Arenas filled with sports fans, oilfields working at full tilt, movie shoots going on unimpeded, and corporate offices buzzing with activity again.
Those are just some of the possibilities opened up by rapid COVID-19 testing, something more Canadian companies are taking a close look at as the global pandemic moves into its second year. At stake, experts say, are not only workers’ and customers’ health, but also millions of dollars in revenue which can be lost in the event of a large workplace outbreak.
This month, several large Canadian companies began rolling out small-scale pilots of rapid antigen screening for COVID as part of a consortium led by U of T based Creative Destruction Labs. Among the names? Scotiabank, Suncor Energy, Maple Leaf Sports and Entertainment, Air Canada, and Rogers Communications. Across the country, other companies are pushing ahead on their own, some of them even using a rapid version of the gold standard PCR diagnostic tests used in labs.
The consortium is using antigen tests made by other companies, such as Abbott’s Panbio or BD’s Veritor, which don’t require a lab or specialized equipment. Consortium members are creating an open-source how-to manual for how large companies could ramp testing up on a widespread basis, explained infectious disease specialist Laura Rosella, who’s working with the consortium.
“It’s less about the technology itself than ‘let’s figure out a system that works,’” said Rosella, who’s also the chair of U of T’s infectious disease PhD program. “Implementing things at scale is complicated. This is a way of helping companies do that, based on real-world experiences.”
The consortium decided to work with antigen screening tests, largely because they’re cheaper and usually quicker than the polymerase chain reaction (PCR) tests typically done in labs, said Rosella. Antigen cost as little as $5 apiece, while PCR tests can cost more than $80.
“It needs to be scalable. It can’t be something where you run into resource issues whether it’s financial or staffing. It’s not going to be possible to scale up if you can’t find enough people with the training and expertise to do it. It’s a huge constraint,” said Rosella.
Dr. Irfan Dhalla, co-chair of a federal expert advisory panel on testing and screening for COVID-19, says the speed of antigen testing makes it a vital tool in fighting workplace spread.
“Given how much COVID is circulating in Toronto and many other cities right now, rapid antigen tests should first be deployed in settings where people must congregate, like food processing plants,” said Dhalla, adding that a negative result doesn’t mean anyone should feel they’re free and clear.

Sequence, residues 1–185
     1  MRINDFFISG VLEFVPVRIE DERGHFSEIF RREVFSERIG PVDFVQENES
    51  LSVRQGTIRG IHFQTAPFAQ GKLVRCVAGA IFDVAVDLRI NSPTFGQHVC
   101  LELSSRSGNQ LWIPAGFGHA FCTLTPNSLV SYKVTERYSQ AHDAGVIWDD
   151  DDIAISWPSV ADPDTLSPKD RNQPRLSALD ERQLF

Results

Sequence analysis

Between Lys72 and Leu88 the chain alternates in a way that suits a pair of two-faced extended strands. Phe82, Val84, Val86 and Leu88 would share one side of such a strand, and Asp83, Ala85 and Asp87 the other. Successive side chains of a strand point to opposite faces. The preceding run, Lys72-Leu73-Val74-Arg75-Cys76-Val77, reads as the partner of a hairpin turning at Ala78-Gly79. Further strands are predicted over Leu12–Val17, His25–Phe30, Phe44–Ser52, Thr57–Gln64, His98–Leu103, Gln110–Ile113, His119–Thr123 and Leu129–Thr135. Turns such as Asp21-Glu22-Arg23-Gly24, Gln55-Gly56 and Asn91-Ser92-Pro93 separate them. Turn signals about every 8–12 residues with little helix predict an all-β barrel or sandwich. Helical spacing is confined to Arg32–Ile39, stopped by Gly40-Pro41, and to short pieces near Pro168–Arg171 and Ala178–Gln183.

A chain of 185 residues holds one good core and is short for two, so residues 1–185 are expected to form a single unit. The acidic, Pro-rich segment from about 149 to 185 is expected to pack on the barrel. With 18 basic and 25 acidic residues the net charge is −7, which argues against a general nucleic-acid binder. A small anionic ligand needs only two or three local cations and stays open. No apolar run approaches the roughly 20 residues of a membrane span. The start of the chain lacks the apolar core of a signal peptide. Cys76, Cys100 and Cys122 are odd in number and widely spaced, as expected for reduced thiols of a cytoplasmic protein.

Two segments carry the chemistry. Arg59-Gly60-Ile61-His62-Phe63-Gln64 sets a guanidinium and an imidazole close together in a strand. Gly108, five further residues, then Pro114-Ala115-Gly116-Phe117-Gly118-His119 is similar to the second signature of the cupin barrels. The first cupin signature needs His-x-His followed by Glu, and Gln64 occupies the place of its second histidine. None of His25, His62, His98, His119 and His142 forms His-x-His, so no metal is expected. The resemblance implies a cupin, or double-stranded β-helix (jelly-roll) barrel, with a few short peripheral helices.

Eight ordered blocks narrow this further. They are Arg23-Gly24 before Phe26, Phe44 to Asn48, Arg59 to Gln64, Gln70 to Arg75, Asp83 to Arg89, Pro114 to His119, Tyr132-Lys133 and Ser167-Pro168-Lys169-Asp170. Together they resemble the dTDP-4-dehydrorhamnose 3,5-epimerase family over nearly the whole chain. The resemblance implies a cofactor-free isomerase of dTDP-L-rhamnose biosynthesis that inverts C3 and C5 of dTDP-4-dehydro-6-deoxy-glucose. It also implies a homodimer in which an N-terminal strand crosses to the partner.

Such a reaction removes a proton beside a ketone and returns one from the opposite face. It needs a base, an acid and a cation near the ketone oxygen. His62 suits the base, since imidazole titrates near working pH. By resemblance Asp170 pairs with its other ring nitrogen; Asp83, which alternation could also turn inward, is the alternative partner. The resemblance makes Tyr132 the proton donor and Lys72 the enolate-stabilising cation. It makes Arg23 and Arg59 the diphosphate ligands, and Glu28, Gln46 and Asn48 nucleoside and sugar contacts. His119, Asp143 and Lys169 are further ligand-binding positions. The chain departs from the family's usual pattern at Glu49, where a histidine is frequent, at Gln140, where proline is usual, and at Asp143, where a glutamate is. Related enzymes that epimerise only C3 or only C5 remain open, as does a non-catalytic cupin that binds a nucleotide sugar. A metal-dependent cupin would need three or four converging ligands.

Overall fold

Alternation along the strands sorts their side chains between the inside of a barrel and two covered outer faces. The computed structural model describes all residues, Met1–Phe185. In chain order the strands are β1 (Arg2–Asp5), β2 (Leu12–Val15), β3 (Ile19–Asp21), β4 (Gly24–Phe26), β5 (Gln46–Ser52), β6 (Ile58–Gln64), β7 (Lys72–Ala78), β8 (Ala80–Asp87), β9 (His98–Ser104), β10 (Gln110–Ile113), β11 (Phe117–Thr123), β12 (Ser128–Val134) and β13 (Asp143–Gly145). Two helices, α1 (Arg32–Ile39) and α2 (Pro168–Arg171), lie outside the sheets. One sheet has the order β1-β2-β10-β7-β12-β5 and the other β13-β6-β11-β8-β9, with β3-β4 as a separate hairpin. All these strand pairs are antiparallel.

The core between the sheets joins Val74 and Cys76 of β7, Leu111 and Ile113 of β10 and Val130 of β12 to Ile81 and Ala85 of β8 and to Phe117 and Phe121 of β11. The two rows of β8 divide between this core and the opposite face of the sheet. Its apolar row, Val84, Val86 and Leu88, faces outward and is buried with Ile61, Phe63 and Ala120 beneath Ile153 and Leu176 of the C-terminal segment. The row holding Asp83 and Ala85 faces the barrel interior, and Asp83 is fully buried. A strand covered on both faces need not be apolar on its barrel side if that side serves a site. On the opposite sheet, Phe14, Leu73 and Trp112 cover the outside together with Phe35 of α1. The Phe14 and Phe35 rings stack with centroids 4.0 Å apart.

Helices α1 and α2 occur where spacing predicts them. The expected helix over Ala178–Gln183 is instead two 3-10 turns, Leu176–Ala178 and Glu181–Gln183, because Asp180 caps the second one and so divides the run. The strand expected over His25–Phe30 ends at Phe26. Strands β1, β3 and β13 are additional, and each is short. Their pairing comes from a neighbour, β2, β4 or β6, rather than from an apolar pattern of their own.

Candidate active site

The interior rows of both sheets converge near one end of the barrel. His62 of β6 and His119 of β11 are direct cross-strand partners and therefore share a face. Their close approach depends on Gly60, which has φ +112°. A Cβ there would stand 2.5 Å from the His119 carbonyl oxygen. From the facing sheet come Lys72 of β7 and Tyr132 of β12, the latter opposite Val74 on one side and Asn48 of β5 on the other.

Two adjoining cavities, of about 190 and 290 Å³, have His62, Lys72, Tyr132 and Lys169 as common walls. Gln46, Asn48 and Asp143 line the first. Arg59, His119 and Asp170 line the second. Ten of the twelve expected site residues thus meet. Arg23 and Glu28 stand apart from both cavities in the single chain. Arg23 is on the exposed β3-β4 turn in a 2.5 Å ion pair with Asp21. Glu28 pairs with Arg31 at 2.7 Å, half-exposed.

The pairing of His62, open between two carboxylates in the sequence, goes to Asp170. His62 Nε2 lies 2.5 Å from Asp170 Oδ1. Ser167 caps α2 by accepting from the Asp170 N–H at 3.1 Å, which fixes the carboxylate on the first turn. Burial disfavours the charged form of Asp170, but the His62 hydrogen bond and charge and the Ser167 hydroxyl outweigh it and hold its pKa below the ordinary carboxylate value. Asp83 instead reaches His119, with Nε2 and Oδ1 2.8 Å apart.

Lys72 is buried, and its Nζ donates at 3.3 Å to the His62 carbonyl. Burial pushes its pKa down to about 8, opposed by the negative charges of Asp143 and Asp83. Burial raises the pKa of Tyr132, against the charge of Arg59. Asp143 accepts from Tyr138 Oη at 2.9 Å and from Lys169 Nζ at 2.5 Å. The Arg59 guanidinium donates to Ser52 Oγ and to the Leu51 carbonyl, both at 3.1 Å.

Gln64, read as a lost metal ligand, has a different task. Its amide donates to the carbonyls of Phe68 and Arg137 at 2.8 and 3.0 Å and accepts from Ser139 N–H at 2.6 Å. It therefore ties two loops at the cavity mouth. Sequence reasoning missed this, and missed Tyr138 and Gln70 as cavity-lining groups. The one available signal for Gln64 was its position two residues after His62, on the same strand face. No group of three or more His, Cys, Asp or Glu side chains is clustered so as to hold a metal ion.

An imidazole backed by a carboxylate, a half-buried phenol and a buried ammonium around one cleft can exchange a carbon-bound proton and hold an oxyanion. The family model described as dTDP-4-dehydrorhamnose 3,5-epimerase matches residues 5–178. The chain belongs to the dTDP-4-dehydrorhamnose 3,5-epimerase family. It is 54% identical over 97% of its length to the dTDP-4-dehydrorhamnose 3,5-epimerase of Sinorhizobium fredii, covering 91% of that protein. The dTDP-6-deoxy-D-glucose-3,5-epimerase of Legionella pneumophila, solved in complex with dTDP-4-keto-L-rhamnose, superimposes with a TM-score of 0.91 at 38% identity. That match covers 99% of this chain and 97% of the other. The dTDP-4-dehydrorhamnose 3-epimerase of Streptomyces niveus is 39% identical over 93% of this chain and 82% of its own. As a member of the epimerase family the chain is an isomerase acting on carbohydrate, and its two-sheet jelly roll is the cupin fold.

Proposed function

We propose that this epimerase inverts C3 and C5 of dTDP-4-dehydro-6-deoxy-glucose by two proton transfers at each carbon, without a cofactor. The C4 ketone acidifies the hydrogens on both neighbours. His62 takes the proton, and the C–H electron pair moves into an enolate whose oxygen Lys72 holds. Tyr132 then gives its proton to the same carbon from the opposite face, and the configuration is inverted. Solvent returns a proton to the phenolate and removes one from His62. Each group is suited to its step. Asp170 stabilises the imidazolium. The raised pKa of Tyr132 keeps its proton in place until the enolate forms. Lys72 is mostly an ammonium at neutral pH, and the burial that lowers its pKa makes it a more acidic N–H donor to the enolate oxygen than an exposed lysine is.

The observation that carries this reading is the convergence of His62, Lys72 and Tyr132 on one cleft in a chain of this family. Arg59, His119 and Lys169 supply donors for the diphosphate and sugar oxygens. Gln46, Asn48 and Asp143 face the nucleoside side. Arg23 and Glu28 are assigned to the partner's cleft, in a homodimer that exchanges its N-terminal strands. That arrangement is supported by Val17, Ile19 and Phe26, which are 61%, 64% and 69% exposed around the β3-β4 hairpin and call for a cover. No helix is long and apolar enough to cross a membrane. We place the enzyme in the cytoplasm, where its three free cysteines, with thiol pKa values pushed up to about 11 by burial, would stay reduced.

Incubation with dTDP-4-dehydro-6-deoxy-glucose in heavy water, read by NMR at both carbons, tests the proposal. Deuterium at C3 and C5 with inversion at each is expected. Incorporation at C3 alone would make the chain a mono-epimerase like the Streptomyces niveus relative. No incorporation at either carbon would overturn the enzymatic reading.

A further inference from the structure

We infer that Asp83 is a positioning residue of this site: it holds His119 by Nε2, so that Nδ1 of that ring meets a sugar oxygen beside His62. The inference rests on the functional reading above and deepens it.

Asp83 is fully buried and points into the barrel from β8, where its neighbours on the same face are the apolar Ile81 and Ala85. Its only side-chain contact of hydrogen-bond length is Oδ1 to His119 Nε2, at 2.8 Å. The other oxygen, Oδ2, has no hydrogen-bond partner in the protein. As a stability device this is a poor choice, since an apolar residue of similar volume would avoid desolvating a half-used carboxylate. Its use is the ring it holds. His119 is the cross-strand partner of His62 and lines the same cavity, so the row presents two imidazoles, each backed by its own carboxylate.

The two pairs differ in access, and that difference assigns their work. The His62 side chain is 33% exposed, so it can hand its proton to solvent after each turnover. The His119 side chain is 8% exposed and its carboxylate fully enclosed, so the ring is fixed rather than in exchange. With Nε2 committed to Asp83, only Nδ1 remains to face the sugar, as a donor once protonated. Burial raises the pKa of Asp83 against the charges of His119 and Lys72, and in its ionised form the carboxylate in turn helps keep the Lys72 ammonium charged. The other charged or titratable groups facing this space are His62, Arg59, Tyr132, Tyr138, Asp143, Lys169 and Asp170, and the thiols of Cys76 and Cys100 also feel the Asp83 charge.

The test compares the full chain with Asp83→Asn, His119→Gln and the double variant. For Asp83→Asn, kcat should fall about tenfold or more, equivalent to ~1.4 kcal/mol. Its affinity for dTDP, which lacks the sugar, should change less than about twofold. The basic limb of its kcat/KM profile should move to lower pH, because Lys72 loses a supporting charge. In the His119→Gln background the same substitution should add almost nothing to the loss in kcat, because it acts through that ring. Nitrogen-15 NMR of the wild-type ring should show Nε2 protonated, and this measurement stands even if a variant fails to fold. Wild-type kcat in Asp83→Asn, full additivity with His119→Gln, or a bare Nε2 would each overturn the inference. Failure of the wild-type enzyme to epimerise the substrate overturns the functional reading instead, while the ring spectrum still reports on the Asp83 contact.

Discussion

“A rapid antigen test is better than no test at all, so long as it’s not used as a free pass to disengage from recommendations about physical distancing, working from home and masking,” Dhalla said.
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Antigen screening tests, which are used to detect proteins found in the virus that causes COVID-19, are less accurate than the gold standard PCR, which are used to detect genetic material from the virus. Estimates of the number of false negatives from antigen screening range up to 30 per cent, while PCR tests are typically considered to be accurate 95 per cent of the time.
Still, the PCR tests don’t inherently take more time to diagnose a patient, argues Mario Thomas, founder of Precision Biomonitoring, a Guelph-based biotech firm which makes a PCR test designed for rapid, on-site diagnosis. Instead, says Thomas, it’s transport time, having access to a lab, and a lab technician that’s the time-consuming bit.
The key part of Precision Biomonitoring’s rapid COVID-testing arsenal is a miniature, on-site lab, which can process 9 PCR tests in an hour. The catch? It costs $18,000 and needs a lab technician to run it.
Thomas says that hasn’t stopped customers from snapping them up.
“We’ve got one customer in the energy sector who has 12 of these units across the country,” said Thomas, adding that other customers are in industries as varied as manufacturing and TV and movie production.
While acknowledging that $18,000 would be a significant chunk of change for smaller firms, Thomas says it pales in comparison to the money that could be lost if there’s a major outbreak at an energy producer or a movie shoot gets stopped.
“If they have a production shutdown and it costs them a million dollars, and it costs them $18,000 to have peace of mind, it’s more than worth it,” said Thomas, who estimated Precision Biomonitoring has sold 100 of the mini-PCR labs to customers across the country. They’ve also helped those customers find lab techs to run them.
“We’ve got more companies using these outside of urban areas than inside them. So far, we haven’t had any trouble helping them find lab techs,” said Thomas.
Whatever kind of testing is used — antigen or PCR, there’s no longer any excuse for companies not to have something in place, Thomas added.
“If the will is there, the technology is available. So there’s no excuse. I could understand that perspective nine months ago when supply was more challenging, there were no portable devices, there were no antigen tests. But today, if you want to implement this in your organization, you can,” said Thomas.
Josh Rubin is a Toronto-based business reporter. Follow him on Twitter: @starbeer
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